There are several different routines for practicing this type of therapy. You will need to discover what works best for you. Remember that the best routine for you may feel somewhat uncomfortable at first; however, the benefits of the hot sauna/cold plunge are both physical and psychological, and immediately noticeable. Once your body adjusts to the experience, the health benefits and exhilarated feelings that result from this therapy will outweigh any sense of discomfort. The traditional Nordic Cycle of combining sauna bathing with cold plunging suggests jumping into an ice bath after the sauna. However, there is nothing wrong with reversing that sequence. If you are inexperienced with contrast therapy, the preliminary guidelines for performing a sauna/cold plunge are: 1. Spend 15 minutes in a 125°F or hotter sauna. 2. Jump immediately into a cold plunge of around 50°F for 30 seconds, up to 2 minutes. 3. Complete this cycle a total of 3 times (3 sauna sessions and 3 cold plunges).
Switching from hot saunas to cold tubs causes the body to naturally increase the volume of blood flow. This happens when the body constricts and dilates blood vessels. This effect also helps to improve vascular and cardiac response. The lymphatic system works to flush away toxins throughout your system, promoting cellular regeneration and ridding the body of the harmful byproducts of hard workouts. The cold plunge stage of contrast therapy makes skin pores rapidly minimize, helping stop oil production that causes skin issues. This can help reduce acne, pimples, blackheads, and even prevent blemishes. If blemishes are already an issue, contrast therapy is helpful for reducing any swelling and redness to provide soothing relief for irritated skin. Cold exposure is a great way to keep acne from getting worse by effective inflammation reduction. We now know that contrast therapy is one of the best ways to quickly reduce lactic acid buildup. Studies have found that contrast therapy can help prevent too much lactic acid buildup, helping people recover from soreness and fatigue faster. Additionally, studies have shown that contrast therapy helps lessen the effects of delayed onset muscle soreness, reducing its severity in athletes when regularly practiced.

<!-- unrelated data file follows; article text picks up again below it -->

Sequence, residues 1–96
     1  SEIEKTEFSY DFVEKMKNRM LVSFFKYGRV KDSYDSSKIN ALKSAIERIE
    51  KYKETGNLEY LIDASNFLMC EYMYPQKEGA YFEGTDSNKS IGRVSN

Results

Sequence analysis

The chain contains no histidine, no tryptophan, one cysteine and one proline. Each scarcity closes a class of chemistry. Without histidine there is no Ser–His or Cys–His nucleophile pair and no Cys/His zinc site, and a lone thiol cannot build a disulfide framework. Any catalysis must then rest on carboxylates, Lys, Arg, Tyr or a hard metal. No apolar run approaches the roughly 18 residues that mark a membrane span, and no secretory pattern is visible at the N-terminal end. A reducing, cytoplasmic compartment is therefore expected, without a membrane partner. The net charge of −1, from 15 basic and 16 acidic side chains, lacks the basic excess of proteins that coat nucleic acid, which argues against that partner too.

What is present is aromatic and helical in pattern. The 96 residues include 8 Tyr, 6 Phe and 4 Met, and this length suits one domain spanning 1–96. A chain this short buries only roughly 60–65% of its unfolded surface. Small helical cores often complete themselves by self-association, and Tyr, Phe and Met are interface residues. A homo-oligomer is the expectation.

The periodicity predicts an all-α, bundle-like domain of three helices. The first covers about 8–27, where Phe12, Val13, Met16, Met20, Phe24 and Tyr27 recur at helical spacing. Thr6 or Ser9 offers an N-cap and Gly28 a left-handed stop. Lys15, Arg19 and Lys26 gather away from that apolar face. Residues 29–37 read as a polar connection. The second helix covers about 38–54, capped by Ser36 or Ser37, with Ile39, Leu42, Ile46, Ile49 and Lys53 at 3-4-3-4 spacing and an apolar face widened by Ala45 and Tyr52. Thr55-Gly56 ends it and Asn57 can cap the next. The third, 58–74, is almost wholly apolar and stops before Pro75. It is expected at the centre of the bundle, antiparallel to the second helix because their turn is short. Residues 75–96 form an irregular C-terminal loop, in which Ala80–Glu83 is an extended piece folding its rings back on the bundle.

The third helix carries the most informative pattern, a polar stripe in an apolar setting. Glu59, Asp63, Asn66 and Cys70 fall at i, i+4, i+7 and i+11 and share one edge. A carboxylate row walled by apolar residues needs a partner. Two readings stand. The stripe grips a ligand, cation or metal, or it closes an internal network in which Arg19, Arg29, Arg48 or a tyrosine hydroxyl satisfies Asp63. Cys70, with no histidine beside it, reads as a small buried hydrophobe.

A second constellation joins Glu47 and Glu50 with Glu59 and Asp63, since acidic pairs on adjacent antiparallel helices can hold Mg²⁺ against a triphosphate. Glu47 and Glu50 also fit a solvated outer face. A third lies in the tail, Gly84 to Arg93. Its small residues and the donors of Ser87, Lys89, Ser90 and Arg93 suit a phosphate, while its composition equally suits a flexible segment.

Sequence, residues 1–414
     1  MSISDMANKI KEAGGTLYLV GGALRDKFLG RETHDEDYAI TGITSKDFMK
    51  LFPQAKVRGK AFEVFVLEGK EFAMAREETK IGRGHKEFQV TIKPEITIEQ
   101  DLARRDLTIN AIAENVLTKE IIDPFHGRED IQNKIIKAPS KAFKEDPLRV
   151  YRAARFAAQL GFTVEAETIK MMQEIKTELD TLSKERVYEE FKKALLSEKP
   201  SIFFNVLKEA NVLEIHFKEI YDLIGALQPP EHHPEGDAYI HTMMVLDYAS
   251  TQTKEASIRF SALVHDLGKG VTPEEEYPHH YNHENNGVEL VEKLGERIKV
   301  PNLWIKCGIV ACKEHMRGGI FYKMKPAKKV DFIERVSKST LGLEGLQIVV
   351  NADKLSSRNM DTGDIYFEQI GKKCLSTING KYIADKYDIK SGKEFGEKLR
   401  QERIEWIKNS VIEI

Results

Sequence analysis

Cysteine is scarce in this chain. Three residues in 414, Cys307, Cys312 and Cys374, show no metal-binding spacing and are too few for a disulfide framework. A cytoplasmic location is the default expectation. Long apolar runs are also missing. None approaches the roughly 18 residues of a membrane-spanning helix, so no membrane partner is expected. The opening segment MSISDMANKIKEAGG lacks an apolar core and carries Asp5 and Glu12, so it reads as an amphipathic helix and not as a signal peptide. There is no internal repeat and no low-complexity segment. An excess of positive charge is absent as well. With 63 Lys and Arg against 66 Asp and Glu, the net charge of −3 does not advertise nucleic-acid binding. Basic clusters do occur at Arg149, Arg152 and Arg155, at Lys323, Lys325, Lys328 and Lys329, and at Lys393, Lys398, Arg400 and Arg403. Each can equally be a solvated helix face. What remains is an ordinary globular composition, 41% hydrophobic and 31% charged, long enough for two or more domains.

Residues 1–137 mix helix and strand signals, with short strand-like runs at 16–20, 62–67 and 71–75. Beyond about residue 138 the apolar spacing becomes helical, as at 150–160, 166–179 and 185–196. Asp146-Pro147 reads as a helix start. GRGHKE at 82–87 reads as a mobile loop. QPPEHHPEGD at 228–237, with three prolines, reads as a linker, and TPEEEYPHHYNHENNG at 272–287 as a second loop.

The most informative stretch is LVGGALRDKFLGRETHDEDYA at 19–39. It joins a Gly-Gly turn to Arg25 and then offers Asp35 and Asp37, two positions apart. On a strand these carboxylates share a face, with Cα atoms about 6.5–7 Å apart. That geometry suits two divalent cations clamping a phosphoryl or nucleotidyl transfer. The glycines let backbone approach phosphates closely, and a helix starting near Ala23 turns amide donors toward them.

NOTE: It is important to stay hydrated while engaging in contrast therapy, and it is a good idea to focus on deep breathing during the therapy.
Contrast therapy can be practiced just about any time; many people make it a weekly routine. Studies have found that regular and frequent use of contrast therapy is more beneficial in general. These studies have found significant health improvements in people who practice contrast therapy frequently compared with those who don’t. The best time for a contrast therapy session is directly after an intense workout, which will help prevent post-workout soreness and inflammation.